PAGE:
A Sense of the Mysterious:
Science and the Human Spirit
By Alan Lightman
Pantheon, 2005, $23.00
Alan Lightman thinks of the mysterious as crucial to human creativity–including his own, which is informed by his passions for science and art. In the study of his 18th-century home in Concord, MA, where he lives with his wife, his two daughters, and a Tibetan terrier, he is discussing his new book of essays, A Sense of the Mysterious. A professor in writing and humanistic studies, Lightman says that a sense of the mysterious is necessary to our spiritual survival.
He is concerned about how physicists and novelists cultivate this sense, which he associates in his book with the “sense of awe” we feel when we stand “at the edge between the known and unknown and gaze into the cavern.” Lightman describes the wonder he felt as a young boy in Clark and Fay’s supply store in Memphis, TN, “adrift in the aisles of copper wire, socket wrenches, diodes, [and] oddly shaped metallic brackets,” as if he were in a temple. He writes that as a graduate student at Caltech he worked on an original problem in a windowless office without sleeping. Until he discovered the solution, he felt as if he were “sailing a round-bottomed boat in strong wind.” Suddenly, he felt that a great hand had grabbed him and flung him across the surface.
In science, he writes, “we are blind people, imagining what we don’t see.” The artist, similarly, often evokes what we may know but are unaware we know. Transformations occur in the work of both scientists and novelists. “Those in science,” Lightman explains, “talk about slow accumulation of knowledge, transformation of our understanding of the outside world. In art, it involves a transformation of the inner world.”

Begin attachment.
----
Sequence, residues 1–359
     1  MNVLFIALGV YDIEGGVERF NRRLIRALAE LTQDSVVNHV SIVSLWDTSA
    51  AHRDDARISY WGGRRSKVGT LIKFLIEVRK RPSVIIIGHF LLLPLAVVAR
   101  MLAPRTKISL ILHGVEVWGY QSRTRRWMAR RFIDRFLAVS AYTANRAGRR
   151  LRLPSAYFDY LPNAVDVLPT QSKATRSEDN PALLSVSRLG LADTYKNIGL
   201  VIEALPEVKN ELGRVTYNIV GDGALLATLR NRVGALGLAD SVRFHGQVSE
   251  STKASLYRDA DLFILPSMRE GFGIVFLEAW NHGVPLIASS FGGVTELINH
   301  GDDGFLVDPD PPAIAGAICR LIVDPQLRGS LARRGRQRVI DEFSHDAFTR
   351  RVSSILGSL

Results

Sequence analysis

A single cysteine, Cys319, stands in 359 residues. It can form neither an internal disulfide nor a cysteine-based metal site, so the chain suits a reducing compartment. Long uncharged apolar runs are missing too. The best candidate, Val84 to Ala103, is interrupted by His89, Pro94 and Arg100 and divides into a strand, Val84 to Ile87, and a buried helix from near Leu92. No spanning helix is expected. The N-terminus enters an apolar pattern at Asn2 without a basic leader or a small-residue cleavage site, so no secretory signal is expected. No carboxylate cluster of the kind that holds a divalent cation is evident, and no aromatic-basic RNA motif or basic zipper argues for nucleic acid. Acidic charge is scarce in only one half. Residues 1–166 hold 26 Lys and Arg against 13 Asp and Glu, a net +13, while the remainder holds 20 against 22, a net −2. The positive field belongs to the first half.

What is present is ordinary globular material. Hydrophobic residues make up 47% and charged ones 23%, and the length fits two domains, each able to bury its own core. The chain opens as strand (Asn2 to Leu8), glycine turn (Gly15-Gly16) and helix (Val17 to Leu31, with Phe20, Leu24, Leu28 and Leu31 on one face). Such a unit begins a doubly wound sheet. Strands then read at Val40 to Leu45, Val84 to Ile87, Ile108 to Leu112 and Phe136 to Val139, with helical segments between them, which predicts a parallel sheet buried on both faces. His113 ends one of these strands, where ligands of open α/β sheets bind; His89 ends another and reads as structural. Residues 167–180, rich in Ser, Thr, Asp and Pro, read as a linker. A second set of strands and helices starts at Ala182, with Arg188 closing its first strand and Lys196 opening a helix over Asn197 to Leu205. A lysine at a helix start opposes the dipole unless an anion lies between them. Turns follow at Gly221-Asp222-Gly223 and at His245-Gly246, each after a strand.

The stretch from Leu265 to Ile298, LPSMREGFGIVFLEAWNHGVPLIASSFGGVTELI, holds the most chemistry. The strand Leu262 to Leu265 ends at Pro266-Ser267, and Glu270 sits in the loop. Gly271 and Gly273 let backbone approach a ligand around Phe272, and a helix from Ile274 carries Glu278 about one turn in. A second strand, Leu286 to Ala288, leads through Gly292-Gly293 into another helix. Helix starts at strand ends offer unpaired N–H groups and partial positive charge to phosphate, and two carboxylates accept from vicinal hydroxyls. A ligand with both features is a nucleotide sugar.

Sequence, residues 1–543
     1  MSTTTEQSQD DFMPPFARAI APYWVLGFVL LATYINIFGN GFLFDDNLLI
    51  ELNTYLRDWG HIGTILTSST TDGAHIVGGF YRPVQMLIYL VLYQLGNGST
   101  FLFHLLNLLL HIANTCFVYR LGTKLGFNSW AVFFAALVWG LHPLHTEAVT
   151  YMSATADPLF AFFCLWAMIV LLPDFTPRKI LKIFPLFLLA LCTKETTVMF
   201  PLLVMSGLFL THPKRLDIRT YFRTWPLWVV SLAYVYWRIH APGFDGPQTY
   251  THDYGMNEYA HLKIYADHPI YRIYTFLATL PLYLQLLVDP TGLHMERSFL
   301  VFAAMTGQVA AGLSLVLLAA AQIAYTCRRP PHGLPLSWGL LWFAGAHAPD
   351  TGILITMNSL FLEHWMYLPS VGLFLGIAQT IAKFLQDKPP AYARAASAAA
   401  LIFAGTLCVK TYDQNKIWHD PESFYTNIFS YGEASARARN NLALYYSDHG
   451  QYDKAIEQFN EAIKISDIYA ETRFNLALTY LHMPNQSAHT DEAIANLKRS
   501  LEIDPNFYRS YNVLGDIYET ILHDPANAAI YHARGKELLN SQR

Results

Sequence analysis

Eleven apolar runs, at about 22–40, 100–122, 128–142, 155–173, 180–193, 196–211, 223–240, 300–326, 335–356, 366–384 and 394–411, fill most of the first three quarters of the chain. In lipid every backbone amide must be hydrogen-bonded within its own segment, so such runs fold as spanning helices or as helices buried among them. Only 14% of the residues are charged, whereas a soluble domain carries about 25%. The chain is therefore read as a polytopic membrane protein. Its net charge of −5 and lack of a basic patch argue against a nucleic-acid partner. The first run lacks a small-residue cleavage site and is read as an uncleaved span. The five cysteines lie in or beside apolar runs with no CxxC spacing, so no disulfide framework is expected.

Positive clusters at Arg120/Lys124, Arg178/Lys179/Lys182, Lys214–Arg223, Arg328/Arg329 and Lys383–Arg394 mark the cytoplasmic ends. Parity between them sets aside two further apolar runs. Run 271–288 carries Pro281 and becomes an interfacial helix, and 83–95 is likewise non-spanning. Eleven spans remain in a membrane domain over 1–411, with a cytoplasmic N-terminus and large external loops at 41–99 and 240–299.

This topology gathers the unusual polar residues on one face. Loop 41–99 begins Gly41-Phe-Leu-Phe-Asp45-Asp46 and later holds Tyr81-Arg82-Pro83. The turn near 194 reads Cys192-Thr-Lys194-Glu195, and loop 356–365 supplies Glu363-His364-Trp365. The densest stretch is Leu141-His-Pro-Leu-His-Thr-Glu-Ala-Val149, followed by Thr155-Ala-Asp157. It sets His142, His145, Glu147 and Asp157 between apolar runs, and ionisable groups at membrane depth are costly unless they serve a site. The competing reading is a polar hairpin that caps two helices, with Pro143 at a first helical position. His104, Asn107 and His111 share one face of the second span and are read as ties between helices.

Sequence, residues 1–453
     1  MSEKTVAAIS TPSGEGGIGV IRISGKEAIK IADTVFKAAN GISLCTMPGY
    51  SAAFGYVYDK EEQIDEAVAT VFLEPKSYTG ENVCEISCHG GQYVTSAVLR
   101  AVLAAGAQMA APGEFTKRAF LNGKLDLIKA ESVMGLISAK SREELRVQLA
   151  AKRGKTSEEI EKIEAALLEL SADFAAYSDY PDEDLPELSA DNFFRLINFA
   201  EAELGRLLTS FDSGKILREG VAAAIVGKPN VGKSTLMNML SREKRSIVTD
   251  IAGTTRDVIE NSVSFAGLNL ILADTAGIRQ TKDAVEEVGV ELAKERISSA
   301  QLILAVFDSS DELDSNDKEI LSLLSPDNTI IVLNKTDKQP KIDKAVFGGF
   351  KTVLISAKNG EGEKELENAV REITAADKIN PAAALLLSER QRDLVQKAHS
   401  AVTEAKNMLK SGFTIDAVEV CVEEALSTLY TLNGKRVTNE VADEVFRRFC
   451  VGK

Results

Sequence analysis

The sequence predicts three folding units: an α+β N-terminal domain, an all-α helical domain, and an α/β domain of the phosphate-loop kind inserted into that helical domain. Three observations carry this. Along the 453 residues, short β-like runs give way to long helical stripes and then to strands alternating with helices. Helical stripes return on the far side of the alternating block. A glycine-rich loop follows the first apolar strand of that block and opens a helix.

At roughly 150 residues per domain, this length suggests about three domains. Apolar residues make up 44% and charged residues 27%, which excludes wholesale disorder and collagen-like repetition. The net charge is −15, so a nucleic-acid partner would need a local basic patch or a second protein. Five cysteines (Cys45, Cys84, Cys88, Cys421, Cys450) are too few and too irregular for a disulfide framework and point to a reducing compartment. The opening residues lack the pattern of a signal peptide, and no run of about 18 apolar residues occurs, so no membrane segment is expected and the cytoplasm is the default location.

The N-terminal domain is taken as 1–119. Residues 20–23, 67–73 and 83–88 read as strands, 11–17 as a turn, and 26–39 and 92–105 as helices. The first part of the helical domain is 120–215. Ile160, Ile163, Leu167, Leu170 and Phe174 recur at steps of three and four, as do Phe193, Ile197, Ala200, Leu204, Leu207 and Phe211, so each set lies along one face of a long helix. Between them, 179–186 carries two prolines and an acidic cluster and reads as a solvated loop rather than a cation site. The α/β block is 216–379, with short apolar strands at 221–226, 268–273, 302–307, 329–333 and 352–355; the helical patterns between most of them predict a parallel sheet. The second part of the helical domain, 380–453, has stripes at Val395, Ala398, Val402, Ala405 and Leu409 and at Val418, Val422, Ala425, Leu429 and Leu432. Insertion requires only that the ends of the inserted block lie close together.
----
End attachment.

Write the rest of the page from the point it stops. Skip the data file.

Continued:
The scientists whose stories Lightman tells are those who have inspired him. The lives of Einstein, Feynman, and Edward Teller are all marked by stubbornness and erratic emotional choices.
But however intriguing these personalities may be, what matters is their discoveries. Lightman says that science and art have points of convergence, but “the differences in both are profound and wonderful. Anyone working in physics has to take Einstein into account; we are diagnosing the truth of nature. However, a painter, after Picasso, can ignore cubism.” In A Sense of the Mysterious, Lightman writes that Kafka’s masterpiece The Trial is inseparable from the obsessions of its creator; but “if Einstein hadn’t formulated relativity, then someone else would.”
Lightman’s most provocative essay, “Prisoner of the Wired World,” argues that our technological culture became the tool of a capitalistic society and makes us prisoners. He writes about the dangers of our becoming “hamsters on the wheel of capitalism, production, demand, consumption, and work.” Lightman resists being caged and chooses a path where he can contemplate and explore questions that continue to haunt us. – By Carolyn Cohen